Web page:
The 'aerotoxic syndrome' receives a lot of attention in the Netherlands. Aerotoxic syndrome is the name given to the short- and long-term health effects allegedly caused by exposure to toxic fumes in an airplane cabin, more specifically: exposure to tricresyl phosphate (TCP). TCP is used by airline companies as an additive in the lubricating oil of airplane engines to make the oil more resistant against high temperatures. It is alleged that if there is a malfunction in the bleed air supply of an airplane, which compresses air from the engines and uses it to pressurise the cabin, it could lead to TCP circulating into the cabin air.
While the syndrome is not a new phenomenon (the term was introduced in the late 1990's) aerotoxic syndrome is receiving growing interest in the Netherlands. It is alleged that there is increasing scientific evidence that the exposure to the toxic substances can cause complaints, such as concentration disturbance, headache, fatigue and insomnia.
The Dutch government seems to have picked up the topic as well. In 2010 and 2012, the State Secretary of Infrastructure and the Environment indicated that – on the basis of scientific publications – there is no evidence of a link between TCP in the cabin air and the alleged aerotoxic syndrome and therefore further investigation would not be required. However, in a letter to the House of Representatives dated 5 March 2013, the State Secretary reneged this statement and announced that upon the request of the Dutch government, the European Chemicals Agency (ECHA) is planning to carry out an investigation – within the framework of the REACH-Regulation (EC 1907/2006) – into the possible risks of TCP’s. The Dutch National Institute of Public Health and Environment (Rijksinstituut voor Volksgezondheid en Milieu, RIVM) will conduct this investigation on behalf of the ECHA. The investigation is expected to start in 2014.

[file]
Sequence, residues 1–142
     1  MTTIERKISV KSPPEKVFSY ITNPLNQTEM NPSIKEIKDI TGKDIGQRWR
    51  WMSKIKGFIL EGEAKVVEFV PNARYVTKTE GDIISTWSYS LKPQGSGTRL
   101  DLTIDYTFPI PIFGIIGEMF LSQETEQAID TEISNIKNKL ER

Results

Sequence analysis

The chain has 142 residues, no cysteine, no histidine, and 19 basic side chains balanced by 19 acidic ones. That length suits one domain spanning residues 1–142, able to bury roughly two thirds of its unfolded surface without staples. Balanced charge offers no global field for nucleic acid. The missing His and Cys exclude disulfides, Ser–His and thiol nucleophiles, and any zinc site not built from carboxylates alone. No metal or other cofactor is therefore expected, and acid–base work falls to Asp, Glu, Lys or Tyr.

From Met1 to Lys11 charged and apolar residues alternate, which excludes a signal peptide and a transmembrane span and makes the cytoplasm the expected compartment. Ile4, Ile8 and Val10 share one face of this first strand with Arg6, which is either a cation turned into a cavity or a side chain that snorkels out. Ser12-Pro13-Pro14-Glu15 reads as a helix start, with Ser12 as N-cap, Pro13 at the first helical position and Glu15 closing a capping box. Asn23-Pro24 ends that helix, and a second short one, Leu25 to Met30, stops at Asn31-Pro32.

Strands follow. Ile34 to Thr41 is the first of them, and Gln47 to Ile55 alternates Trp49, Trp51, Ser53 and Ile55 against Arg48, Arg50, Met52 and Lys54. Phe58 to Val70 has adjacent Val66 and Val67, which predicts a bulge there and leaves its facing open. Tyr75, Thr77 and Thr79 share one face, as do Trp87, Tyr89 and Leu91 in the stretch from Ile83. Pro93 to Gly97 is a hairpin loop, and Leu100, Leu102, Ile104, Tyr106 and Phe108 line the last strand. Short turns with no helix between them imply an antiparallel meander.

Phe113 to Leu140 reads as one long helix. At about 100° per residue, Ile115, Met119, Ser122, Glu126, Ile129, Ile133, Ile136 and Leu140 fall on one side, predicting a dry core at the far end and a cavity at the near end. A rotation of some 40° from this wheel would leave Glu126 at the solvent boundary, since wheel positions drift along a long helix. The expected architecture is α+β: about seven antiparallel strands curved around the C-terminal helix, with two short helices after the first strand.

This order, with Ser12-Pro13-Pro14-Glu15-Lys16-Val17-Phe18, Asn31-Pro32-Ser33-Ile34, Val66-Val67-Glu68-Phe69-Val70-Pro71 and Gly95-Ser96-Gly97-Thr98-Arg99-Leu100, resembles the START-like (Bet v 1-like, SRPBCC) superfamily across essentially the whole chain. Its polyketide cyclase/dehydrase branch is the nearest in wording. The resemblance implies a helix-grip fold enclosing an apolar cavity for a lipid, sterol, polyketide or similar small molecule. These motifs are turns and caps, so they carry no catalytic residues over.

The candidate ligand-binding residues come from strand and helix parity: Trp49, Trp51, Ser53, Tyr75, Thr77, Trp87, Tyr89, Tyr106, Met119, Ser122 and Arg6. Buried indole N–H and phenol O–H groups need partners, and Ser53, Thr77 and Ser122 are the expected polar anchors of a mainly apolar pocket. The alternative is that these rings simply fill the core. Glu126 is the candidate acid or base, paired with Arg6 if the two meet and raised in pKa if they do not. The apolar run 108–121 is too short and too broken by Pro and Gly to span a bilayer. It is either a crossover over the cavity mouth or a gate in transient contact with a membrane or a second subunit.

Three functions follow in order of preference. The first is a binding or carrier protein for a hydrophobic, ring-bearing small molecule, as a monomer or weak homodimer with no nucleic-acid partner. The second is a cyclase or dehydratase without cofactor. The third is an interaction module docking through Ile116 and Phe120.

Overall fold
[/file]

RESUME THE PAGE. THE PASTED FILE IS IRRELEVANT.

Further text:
In June of this year, the State Secretary further announced that an additional investigation will be carried out in the Netherlands in relation to the way in which cabin crew and passengers could be exposed to TCP in an airplane cabin and the possible physical reactions to such exposure. The State Secretary indicated that she is planning to get back to the Dutch Parliament with a detailed proposal in September 2013.
It has also been announced that a group of cabin crew is currently preparing a claim against different airline companies in relation to the damages they have allegedly suffered as a result of exposure to toxic fumes in cabin air.